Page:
Download presentation

Presentation is loading. Please wait.

1
**Pertemuan 03 Peluang Kejadian**

Matakuliah : A Statistik Ekonomi Tahun : 2006 Pertemuan 03 Peluang Kejadian

2
Outline Materi: Konsep dasar peluang Peluang bebas dan bersyarat Peluang total dan kaidah Bayes

3
**Basic Business Statistics (9th Edition)**

Basic Probability

4
**Basic Probability Concepts**

Konsep Dasar Peluang Basic Probability Concepts Sample spaces and events, simple probability, joint probability Conditional Probability Statistical independence, marginal probability Bayes’ Theorem Counting Rules

5
**Collection of All Possible Outcomes**

Sample Spaces Collection of All Possible Outcomes E.g., All 6 faces of a die: E.g., All 52 cards of a bridge deck:

6
**Kejadian (Events) Simple Event Joint Event**

Outcome from a sample space with 1 characteristic E.g., a Red Card from a deck of cards Joint Event Involves 2 outcomes simultaneously E.g., an Ace which is also a Red Card from a deck of cards

7
**Visualizing Events Contingency Tables Tree Diagrams Black 2 24 26**

Ace Not Ace Total Black Red Total Ace Red Cards Not an Ace Full Deck of Cards Ace Black Cards Not an Ace

8
**A Deck of 52 Cards Contingency Table Red Ace Total Ace Red 2 24 26**

Not an Ace Total Ace Red 2 24 26 Black 2 24 26 Total 4 48 52 Sample Space

9
**Event Possibilities Tree Diagram Ace Red Cards Not an Ace Full Deck**

of Cards Ace Black Cards Not an Ace

10
Probability Probability is the Numerical Measure of the Likelihood that an Event Will Occur Value is between 0 and 1 Sum of the Probabilities of All Mutually Exclusive and Collective Exhaustive Events is 1 1 Certain .5 Impossible

11
**Computing Probabilities**

The Probability of an Event E: Each of the Outcomes in the Sample Space is Equally Likely to Occur E.g., P( ) = 2/36 (There are 2 ways to get one 6 and the other 4)

12
**Computing Joint Probability**

The Probability of a Joint Event, A and B:

13
**Joint Probability Using Contingency Table**

Event Event B1 B2 Total A1 P(A1 and B1) P(A1 and B2) P(A1) A2 P(A2 and B1) P(A2 and B2) P(A2) Total P(B1) P(B2) 1 Marginal (Simple) Probability Joint Probability

14
**Computing Compound Probability**

Probability of a Compound Event, A or B:

15
**Compound Probability (Addition Rule)**

P(A1 or B1 ) = P(A1) + P(B1) - P(A1 and B1) Event Event B1 B2 Total A1 P(A1 and B1) P(A1 and B2) P(A1) A2 P(A2 and B1) P(A2 and B2) P(A2) Total P(B1) P(B2) 1 For Mutually Exclusive Events: P(A or B) = P(A) + P(B)

16
**Computing Conditional Probability**

The Probability of Event A Given that Event B Has Occurred:

17
**Conditional Probability Using Contingency Table**

Color Type Red Black Total Ace 2 2 4 Non-Ace 24 24 48 Total 26 26 52 Revised Sample Space

18
**Conditional Probability and Statistical Independence**

Multiplication Rule:

19
**Conditional Probability and Statistical Independence**

Events A and B are Independent if Events A and B are Independent When the Probability of One Event, A, is Not Affected by Another Event, B (continued)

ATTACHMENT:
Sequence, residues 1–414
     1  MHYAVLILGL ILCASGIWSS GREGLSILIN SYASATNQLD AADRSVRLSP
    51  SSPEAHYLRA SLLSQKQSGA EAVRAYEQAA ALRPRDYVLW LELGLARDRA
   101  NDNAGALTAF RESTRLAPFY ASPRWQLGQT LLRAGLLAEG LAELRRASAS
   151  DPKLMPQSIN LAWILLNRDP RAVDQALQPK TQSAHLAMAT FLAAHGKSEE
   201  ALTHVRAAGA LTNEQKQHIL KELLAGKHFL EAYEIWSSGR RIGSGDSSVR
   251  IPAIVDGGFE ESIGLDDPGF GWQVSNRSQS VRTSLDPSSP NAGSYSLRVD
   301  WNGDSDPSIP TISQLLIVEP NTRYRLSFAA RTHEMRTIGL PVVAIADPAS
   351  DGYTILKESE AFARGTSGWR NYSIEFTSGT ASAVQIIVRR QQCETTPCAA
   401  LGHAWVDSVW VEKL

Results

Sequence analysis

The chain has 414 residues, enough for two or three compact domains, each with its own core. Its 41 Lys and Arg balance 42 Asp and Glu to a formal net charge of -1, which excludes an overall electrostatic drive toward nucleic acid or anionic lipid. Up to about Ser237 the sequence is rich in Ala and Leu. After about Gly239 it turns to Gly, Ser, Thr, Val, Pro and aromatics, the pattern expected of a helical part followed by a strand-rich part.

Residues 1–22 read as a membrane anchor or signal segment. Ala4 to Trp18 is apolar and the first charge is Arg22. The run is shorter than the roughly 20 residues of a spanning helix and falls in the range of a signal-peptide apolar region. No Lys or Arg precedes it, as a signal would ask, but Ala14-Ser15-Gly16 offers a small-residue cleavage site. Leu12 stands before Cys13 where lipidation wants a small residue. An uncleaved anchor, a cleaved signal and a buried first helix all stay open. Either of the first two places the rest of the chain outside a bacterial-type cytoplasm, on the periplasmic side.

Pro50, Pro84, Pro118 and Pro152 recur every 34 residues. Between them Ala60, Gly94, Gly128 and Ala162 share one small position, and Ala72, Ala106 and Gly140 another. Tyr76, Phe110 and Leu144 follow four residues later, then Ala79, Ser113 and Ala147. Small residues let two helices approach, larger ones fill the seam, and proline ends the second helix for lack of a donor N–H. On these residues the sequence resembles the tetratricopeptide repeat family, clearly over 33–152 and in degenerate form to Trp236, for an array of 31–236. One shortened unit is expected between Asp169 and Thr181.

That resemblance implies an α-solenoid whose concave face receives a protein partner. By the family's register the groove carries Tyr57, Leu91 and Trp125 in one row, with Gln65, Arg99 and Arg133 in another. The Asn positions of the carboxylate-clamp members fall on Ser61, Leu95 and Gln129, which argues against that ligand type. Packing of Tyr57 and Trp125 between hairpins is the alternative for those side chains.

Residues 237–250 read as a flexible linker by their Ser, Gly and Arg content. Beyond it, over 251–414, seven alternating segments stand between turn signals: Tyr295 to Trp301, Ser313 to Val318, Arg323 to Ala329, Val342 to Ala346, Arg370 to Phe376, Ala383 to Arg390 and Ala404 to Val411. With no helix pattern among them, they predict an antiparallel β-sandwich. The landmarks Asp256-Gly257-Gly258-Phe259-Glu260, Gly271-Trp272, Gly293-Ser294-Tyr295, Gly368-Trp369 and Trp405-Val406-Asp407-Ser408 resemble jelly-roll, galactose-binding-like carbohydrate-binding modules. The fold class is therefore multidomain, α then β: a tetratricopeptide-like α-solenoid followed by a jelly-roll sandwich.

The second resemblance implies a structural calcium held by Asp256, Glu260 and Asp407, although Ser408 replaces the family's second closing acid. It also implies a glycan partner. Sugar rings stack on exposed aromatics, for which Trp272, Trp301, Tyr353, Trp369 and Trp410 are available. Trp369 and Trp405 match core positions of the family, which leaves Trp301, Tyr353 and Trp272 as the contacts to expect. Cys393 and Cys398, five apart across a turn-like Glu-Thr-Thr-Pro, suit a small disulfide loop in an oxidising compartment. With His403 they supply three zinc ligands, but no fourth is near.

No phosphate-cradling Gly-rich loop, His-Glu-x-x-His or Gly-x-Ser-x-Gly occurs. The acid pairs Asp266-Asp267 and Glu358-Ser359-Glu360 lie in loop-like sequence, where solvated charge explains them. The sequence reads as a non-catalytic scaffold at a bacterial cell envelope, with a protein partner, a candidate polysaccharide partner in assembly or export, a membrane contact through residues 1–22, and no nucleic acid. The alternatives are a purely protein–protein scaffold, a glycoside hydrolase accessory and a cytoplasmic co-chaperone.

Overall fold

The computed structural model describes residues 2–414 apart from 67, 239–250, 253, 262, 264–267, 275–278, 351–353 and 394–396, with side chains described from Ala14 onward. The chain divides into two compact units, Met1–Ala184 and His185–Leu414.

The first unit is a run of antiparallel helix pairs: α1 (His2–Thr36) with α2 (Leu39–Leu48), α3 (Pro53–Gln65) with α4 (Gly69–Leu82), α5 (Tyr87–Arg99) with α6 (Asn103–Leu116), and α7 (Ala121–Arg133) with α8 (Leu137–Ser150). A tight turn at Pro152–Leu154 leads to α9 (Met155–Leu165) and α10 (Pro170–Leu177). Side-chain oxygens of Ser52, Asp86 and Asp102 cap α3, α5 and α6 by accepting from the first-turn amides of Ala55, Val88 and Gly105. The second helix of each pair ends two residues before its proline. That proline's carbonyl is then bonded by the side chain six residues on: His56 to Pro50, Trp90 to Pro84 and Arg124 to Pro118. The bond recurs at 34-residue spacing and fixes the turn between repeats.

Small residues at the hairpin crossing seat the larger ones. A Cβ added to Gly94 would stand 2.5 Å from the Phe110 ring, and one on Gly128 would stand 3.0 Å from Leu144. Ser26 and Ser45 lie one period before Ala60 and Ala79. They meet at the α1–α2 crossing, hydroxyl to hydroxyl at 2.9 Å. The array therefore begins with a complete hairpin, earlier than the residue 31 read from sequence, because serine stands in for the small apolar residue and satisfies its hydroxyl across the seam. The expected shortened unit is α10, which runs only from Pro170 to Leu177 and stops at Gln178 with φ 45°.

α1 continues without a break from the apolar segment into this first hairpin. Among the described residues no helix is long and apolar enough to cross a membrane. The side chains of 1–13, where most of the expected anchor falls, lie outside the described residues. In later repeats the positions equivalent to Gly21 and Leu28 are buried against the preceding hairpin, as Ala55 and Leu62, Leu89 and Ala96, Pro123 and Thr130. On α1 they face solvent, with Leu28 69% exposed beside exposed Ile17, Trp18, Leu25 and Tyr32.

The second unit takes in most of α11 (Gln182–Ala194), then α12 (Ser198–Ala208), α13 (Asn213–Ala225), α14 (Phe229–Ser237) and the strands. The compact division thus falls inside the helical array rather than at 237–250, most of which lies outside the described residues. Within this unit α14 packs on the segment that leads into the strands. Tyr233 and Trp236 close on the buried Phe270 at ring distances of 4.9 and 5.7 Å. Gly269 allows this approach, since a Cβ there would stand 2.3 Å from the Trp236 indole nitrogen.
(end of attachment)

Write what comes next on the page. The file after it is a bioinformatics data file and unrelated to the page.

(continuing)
20
**Adding up the parts of A in all the B’s**

Bayes’ Theorem Adding up the parts of A in all the B’s Same Event

21
**Bayes’ Theorem Using Contingency Table**

50% of borrowers repaid their loans. Out of those who repaid, 40% had a college degree. 10% of those who defaulted had a college degree. What is the probability that a randomly selected borrower who has a college degree will repay the loan?

22
**Bayes’ Theorem Using Contingency Table**

(continued) Repay Repay Total College .2 .05 .25 .3 .45 .75 College Total .5 .5 1.0

23
Counting Rule 1 If any one of k different mutually exclusive and collectively exhaustive events can occur on each of the n trials, the number of possible outcomes is equal to kn. E.g., A six-sided die is rolled 5 times, the number of possible outcomes is 65 = 7776.

24
Counting Rule 2 If there are k1 events on the first trial, k2 events on the second trial, …, and kn events on the n th trial, then the number of possible outcomes is (k1)(k2)•••(kn). E.g., There are 3 choices of beverages and 2 choices of burgers. The total possible ways to choose a beverage and a burger are (3)(2) = 6.

25
Counting Rule 3 The number of ways that n objects can be arranged in order is n! = n (n - 1)•••(1). n! is called n factorial 0! is 1 E.g., The number of ways that 4 students can be lined up is 4! = (4)(3)(2)(1)=24.

26
**Counting Rule 4: Permutations**

The number of ways of arranging X objects selected from n objects in order is The order is important. E.g., The number of different ways that 5 music chairs can be occupied by 6 children are

27
**Counting Rule 5: Combintations**

The number of ways of selecting X objects out of n objects, irrespective of order, is equal to The order is irrelevant. E.g., The number of ways that 5 children can be selected from a group of 6 is

Similar presentations

© 2019 SlidePlayer.com Inc.

All rights reserved.

To make this website work, we log user data and share it with processors. To use this website, you must agree to our Privacy Policy, including cookie policy.

Ads by Google